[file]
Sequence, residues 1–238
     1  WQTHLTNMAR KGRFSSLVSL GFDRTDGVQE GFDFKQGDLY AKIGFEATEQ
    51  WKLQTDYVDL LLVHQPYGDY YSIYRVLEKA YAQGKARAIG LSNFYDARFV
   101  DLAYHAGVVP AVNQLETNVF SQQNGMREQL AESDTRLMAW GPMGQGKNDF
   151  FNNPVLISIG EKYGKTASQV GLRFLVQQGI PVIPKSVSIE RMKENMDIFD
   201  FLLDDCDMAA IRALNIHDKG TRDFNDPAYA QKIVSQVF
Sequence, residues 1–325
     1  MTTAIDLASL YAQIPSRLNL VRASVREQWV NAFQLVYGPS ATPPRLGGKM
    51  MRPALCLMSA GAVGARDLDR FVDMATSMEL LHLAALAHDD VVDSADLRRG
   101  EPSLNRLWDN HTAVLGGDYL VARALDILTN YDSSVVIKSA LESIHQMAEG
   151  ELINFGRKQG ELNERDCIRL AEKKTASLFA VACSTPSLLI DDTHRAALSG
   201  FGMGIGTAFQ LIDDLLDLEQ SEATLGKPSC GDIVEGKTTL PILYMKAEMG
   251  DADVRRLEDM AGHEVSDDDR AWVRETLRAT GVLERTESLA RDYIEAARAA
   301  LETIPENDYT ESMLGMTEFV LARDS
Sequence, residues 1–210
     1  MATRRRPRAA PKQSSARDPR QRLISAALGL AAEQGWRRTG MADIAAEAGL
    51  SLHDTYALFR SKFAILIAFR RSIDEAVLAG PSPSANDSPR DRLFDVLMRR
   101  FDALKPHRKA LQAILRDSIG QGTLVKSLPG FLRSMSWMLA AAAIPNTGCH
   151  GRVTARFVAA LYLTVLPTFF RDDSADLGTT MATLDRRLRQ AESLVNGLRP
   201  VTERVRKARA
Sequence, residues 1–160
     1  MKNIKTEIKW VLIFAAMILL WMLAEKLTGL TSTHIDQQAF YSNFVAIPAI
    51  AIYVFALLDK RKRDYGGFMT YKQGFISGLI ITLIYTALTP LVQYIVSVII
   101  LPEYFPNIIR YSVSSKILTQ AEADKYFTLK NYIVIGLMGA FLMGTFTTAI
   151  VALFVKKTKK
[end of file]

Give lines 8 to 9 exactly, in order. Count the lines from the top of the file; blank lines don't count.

     1  MTTAIDLASL YAQIPSRLNL VRASVREQWV NAFQLVYGPS ATPPRLGGKM
    51  MRPALCLMSA GAVGARDLDR FVDMATSMEL LHLAALAHDD VVDSADLRRG